Update: Jalopnik initially reported that the manual options disappear from the BMW online configurator which created a confusion around the lack of manuals for certain models. We apologize for the confusion and hopefully all the bugs in the online guide will be squashed. Feel free to read below a point of view on WHAT IF manuals would go away.

If you haven’t already heard, BMW has just recently announced that it will be killing the manual transmission in the 228i, 328i and 428i. You may now start to mourn.

It is a sad day, now that you can no longer get a row-your-own gearbox in some of BMW’s best models. The eight-speed ZF automatic is the only transmission option available on the aforementioned models. While the ZF auto is very good, with near instantaneous and silent shifts, it still doesn’t provide the engagement of a manual transmission. And that engagement is something that gave the 3 Series a distinct advantage in the enthusiast landscape, as almost all of its competitors have already switched to automatics as their only options.


BMW does have good reason for this, though, as the manually equipped versions of these models were simply not selling enough. The take rate was so low that BMW couldn’t justify keeping the six-speed around any longer. This is generally because the base model versions of the 2, 3 and 4 Series are mostly leased by people who just want the badge on the hood and care about little else. The good news is that the bigger engines cars will maintain the manual gearbox. Though, I feel that they are the least deserving of it.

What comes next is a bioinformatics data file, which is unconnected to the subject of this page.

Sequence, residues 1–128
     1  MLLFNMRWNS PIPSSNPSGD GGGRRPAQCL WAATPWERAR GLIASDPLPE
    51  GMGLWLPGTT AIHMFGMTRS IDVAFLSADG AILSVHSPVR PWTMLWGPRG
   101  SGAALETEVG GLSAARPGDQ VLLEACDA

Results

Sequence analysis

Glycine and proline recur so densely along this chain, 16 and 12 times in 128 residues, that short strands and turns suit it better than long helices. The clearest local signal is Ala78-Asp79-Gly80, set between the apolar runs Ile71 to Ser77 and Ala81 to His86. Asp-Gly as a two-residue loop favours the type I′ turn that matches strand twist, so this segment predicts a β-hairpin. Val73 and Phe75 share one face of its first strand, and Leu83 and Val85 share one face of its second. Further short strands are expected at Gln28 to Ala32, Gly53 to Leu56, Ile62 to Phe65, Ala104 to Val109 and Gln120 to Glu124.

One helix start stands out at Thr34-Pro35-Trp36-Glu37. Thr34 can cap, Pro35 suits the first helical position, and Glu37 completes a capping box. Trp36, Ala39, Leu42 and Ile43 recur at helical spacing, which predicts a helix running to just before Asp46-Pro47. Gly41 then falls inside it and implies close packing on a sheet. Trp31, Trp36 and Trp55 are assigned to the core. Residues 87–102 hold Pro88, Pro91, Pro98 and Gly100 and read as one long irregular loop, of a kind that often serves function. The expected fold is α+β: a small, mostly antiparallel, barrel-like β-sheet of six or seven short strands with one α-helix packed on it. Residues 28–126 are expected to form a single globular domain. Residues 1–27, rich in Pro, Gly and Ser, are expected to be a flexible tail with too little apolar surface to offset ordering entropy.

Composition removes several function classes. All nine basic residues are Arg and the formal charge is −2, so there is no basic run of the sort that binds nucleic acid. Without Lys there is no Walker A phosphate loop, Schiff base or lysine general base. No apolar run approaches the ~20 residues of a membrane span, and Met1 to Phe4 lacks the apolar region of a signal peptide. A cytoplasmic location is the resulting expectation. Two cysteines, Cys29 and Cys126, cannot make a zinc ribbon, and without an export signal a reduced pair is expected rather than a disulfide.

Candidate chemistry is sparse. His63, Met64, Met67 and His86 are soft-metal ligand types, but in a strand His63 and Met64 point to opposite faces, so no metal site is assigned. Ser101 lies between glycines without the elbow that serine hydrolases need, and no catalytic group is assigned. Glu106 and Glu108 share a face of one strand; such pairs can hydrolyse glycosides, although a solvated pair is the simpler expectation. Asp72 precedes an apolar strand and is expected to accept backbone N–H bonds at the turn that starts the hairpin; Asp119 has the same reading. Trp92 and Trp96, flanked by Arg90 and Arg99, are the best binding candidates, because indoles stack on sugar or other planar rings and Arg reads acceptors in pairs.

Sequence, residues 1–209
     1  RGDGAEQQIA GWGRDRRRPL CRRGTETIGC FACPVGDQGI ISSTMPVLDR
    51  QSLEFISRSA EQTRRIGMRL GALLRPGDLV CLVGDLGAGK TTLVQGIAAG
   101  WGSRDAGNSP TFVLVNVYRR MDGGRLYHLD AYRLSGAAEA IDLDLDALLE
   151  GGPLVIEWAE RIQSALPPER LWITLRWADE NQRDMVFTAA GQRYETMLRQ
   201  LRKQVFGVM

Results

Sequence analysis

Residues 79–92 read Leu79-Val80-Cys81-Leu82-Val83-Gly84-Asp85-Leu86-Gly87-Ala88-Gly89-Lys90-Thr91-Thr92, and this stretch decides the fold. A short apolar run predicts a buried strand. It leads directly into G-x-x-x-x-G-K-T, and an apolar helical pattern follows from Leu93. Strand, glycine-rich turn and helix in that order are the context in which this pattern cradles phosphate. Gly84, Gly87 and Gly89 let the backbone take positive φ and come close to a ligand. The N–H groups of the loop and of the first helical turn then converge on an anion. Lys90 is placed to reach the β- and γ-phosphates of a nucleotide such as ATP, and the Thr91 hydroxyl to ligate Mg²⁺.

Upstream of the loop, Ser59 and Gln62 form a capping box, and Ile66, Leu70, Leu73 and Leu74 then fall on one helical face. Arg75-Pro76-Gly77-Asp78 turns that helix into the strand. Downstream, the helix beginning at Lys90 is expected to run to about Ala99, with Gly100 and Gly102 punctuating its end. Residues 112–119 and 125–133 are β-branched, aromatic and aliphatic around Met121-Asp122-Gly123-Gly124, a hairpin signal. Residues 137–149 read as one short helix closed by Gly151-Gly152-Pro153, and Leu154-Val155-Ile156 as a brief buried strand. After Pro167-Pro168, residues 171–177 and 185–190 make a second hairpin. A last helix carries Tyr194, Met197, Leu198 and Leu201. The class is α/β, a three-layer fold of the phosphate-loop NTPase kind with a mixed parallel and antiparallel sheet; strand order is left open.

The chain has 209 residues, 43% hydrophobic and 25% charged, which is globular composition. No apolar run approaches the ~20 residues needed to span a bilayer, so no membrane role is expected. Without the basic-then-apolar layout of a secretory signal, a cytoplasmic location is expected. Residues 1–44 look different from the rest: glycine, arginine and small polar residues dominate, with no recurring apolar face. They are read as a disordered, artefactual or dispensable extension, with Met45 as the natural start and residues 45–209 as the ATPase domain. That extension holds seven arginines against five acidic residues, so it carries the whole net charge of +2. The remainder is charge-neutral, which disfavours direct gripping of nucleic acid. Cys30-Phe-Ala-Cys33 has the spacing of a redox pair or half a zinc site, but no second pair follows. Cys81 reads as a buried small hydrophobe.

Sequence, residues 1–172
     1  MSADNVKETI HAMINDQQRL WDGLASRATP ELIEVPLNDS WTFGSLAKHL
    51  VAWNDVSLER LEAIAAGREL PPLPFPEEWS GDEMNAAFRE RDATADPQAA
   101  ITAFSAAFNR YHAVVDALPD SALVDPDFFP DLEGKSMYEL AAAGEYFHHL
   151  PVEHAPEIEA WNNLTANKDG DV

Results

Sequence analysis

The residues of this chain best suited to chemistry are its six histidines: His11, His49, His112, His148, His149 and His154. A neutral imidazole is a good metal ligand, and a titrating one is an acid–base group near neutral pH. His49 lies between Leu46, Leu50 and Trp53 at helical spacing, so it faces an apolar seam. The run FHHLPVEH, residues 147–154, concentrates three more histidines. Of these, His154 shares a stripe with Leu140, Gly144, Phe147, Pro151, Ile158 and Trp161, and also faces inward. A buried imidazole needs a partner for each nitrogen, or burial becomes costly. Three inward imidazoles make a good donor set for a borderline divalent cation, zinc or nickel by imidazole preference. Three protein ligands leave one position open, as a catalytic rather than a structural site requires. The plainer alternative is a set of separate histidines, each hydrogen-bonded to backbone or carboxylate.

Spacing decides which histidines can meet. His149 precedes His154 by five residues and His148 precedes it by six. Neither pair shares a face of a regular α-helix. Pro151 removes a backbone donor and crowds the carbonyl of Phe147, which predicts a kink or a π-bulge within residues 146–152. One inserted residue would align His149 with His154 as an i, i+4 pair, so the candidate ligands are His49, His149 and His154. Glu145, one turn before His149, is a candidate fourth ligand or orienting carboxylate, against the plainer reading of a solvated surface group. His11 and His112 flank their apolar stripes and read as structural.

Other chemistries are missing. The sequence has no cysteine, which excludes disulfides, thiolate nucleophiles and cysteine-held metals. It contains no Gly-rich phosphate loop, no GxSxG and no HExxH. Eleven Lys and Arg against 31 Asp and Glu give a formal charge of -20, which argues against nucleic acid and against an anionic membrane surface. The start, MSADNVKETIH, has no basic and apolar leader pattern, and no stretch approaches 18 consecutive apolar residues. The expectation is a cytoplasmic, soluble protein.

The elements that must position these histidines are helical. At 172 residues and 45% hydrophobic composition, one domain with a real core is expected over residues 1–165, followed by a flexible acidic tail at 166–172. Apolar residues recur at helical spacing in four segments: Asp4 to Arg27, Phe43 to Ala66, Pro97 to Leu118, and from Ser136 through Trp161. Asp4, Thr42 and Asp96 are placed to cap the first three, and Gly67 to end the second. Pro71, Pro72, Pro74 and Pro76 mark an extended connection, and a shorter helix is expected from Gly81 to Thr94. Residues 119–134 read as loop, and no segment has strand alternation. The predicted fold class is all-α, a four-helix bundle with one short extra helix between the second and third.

Related: On The Obsolescence Of Manual Transmission


The ZF eight-speed makes these cars quicker. That’s no secret. So in the bigger 3.0 I6 engine models, where speed and power count most, the automatic is actually quite an advantage. In the M235i I tested recently, I so badly wanted a manual. But that desire went away upon realizing just how fast it was with the automatic. The eight-speed shifted so quickly that it allowed the engine to really open up and deliver endless thrust.

But on smaller four-cylinder cars with less power, engagement is more important than speed because even with the fast shifting auto, the car isn’t going to be all that fast anyway. So the cars that needed a manual transmission the most just lost it. The BMW 228i was one of the last bastions of hope for the enthusiast market, as you could buy a rear-wheel drive BMW coupe with a manual for less that $35,000. No longer, I’m afraid.

I think we all understand the business side of this and why BMW has dumped the manual. After a quick search on Cars.com for new BMW 2 Series models with manual transmissions in the entire United States, I found 26. So despite what enthusiasts might say, these cars simply aren’t selling. It’s no surprise though, this has been a slow burn, as automatics have been taking over the sports car landscape for a while now. We all knew this day was coming, but now that it’s here, it’s kind of sad.